You are observing the results from what has not been standardized with POSIX.
POSIX does not standarize how the interpreter runs a pipe.
With the historic Bourne Shell, the rightmost program in a pipeline is not even a child of the main shell. The reason for doing it this way is because this implementation is slow but needs few code - important if you only have 64 kB of memory. Since in this variant, the
read command is run in a sub process, assigning a shell variable in a sub process is not visible in the main shell.
Modern shells like
bosh (the recent Bourne Shell) create pipes in a way where all processes in a pipe are direct children of the main shell and if the rightmost program is a shell builtin, it is even run by the main shell.
This all is needed to let the
read program modify a shell variable of the main shell. So only in this variant (that BTW is the fastest variant) permits the main shell to see the results from the variable assignment.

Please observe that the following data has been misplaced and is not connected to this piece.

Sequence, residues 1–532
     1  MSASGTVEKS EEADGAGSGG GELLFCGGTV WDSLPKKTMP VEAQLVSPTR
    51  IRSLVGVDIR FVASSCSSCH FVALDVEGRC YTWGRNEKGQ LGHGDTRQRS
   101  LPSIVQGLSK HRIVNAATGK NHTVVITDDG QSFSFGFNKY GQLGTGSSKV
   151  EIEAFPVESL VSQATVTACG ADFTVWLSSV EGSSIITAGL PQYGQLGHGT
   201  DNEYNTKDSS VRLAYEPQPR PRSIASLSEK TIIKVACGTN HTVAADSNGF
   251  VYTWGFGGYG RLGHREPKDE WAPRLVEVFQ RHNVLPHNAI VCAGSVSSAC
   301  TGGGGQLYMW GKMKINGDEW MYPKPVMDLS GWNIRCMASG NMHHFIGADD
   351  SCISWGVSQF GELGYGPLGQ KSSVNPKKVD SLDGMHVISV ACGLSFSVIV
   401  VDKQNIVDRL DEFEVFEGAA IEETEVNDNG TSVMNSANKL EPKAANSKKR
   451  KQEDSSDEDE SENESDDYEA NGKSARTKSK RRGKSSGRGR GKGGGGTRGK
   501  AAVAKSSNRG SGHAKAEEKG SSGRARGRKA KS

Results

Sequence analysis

In your second example, the whole
while loop is run in the same sub process and thus allows to print the modified version of the shell variable.
There is curently a request to add support to the POSIX shell to get information on whether any of the pipeline commands has a non-zero exit code. To achieve this, a shell must be implemented in a way where all programs from a pipeline are direct children from the main shell. This is close to what is needed to allow
echo foo | read val; echo $val
to do what is expected, since then only the requirement to run the read in the main shell is missing.